Many Native Americans of the time were not 100% Native American. This column required the enumerator to record white blood as 0, ½, ¼, and 1/8.

Column 34 - Conjugal Condition: Is this Indian, if married, living in polygamy?
The enumerator was to record if the Native American male was living with more than one wife, or if the woman was a plural wife or had more than one husband. In all cases the enumerator was to list Yes or No.

Column 35 - Citizenship: Is this Indian taxed?
The enumerator was not to record anything for Native Americans born in the U.S. in columns 16 through 18 in the general questions. Here the enumerator was to list a Native American as being taxed if he or she was living away from his or her tribe and among white people. Those living on a reservation, without an allotment or roaming unsettled territory were to be considered not taxed. For those born outside of the U.S., the enumerator was to record information in both these columns and columns 16-18 in the general questions.

Column 36 - Citizenship: Year of acquiring citizenship
If a Native American was born in tribal relations but has since become an American citizen, the enumerator was to record the year of citizenship.

Column 37 - Citizenship: Was citizenship acquired by allotment
If the Native American received his or her citizenship by receiving an allotment of land from the federal government, then the enumerator was to record the answer as "Yes." If the Native American received his or her citizenship in some other way, then enumerator was to answer "No."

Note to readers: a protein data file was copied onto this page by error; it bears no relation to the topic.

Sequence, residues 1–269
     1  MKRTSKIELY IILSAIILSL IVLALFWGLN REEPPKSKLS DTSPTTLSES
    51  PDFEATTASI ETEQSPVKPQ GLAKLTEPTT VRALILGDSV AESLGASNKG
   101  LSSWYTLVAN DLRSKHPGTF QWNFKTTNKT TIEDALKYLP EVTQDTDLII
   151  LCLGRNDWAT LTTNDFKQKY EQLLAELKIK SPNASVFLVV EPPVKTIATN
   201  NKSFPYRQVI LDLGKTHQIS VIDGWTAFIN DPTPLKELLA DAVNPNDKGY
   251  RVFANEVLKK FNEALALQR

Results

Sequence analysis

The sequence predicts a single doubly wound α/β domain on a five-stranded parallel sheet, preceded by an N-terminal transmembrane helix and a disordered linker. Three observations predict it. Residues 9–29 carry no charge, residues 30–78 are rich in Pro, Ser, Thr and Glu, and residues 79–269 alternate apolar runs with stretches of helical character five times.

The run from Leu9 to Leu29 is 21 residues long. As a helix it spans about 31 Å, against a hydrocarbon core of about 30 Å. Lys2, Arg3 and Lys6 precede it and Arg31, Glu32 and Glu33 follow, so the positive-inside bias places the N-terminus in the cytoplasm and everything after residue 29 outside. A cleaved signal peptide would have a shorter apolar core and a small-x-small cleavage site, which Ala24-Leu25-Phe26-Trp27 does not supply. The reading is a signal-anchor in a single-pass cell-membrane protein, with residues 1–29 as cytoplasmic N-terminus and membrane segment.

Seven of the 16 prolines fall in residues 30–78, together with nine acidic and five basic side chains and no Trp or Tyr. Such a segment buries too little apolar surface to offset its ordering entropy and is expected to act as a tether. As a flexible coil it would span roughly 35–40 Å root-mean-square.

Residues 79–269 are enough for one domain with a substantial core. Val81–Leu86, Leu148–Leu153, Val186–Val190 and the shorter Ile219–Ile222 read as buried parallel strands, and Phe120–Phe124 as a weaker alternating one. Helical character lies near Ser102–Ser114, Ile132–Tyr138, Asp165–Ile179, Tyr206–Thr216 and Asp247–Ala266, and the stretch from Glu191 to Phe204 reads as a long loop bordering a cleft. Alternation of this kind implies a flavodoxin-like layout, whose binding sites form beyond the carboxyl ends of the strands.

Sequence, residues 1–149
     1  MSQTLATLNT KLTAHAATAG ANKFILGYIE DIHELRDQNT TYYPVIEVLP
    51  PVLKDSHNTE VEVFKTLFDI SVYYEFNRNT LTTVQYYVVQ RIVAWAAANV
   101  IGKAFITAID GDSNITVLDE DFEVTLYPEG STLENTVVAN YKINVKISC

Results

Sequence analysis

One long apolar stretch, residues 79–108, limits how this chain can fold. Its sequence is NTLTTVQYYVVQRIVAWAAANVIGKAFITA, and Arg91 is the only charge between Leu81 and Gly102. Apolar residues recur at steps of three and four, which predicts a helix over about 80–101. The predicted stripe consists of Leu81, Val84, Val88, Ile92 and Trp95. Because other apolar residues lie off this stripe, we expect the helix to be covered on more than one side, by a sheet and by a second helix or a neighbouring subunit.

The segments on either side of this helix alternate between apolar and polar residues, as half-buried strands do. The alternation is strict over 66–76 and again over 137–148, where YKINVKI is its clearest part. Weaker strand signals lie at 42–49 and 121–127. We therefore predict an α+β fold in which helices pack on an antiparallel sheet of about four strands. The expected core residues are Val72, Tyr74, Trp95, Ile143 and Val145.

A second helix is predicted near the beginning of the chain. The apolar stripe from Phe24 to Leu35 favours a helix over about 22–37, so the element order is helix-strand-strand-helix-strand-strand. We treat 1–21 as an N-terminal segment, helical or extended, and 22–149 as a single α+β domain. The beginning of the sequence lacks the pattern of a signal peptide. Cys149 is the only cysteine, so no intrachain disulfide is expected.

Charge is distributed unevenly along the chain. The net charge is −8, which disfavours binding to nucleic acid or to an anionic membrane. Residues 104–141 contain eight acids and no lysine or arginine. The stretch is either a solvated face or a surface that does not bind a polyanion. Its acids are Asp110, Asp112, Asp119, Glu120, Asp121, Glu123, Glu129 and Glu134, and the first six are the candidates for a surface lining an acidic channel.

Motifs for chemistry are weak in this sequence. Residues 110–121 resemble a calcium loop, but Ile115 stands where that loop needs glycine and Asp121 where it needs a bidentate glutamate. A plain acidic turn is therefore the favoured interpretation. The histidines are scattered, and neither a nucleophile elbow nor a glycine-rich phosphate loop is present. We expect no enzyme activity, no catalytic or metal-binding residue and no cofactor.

Column 38 - Dwellings: Is this Indian living in a fixed or in a movable dwelling?
The enumerator's instructions were to record "movable" if the Native American was living in a tent, tepee, or other temporary structure. If the Native American was living in any permanent dwelling, then the enumerator was to record "fixed."

In Conclusion

As you can see, there is a lot of information that can be gleaned from the questions asked in the Indian schedules. Comparing that with the information recorded in the general questions may give you leads to other federal records that may have information.

See Rhonda's Previous Columns

Rhonda R. McClure is a professional genealogist specializing in celebrity trees and computerized genealogy. She has been involved in online genealogy for fifteen years. She is the author of the award-winning The Complete Idiot's Guide to Online Genealogy, now in its second edition. She is the author of four how-to guides on Family Tree Maker. In late 2001, she wrote The Genealogist's Computer Companion. She is a contributing editor to Biography Magazine with her "Celebrity Roots" column and a contributing writer to The History Channel Magazine. Her latest book is Finding Your Famous and Infamous Ancestors. She may be contacted at rhondagen@thegenealogist.com.